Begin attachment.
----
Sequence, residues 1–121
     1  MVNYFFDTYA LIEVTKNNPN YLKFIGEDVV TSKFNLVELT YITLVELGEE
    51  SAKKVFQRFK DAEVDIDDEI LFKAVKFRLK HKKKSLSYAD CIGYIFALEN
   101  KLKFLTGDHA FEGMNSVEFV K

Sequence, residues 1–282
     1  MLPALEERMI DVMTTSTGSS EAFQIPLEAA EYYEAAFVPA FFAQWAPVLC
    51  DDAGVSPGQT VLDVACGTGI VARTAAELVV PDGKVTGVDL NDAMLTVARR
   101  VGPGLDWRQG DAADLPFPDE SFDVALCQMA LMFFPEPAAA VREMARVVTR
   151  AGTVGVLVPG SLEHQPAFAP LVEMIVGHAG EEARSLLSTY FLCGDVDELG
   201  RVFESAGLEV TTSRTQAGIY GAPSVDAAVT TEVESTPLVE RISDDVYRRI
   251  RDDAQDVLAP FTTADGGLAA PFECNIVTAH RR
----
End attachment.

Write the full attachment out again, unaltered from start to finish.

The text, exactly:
Sequence, residues 1–121
     1  MVNYFFDTYA LIEVTKNNPN YLKFIGEDVV TSKFNLVELT YITLVELGEE
    51  SAKKVFQRFK DAEVDIDDEI LFKAVKFRLK HKKKSLSYAD CIGYIFALEN
   101  KLKFLTGDHA FEGMNSVEFV K

Sequence, residues 1–282
     1  MLPALEERMI DVMTTSTGSS EAFQIPLEAA EYYEAAFVPA FFAQWAPVLC
    51  DDAGVSPGQT VLDVACGTGI VARTAAELVV PDGKVTGVDL NDAMLTVARR
   101  VGPGLDWRQG DAADLPFPDE SFDVALCQMA LMFFPEPAAA VREMARVVTR
   151  AGTVGVLVPG SLEHQPAFAP LVEMIVGHAG EEARSLLSTY FLCGDVDELG
   201  RVFESAGLEV TTSRTQAGIY GAPSVDAAVT TEVESTPLVE RISDDVYRRI
   251  RDDAQDVLAP FTTADGGLAA PFECNIVTAH RR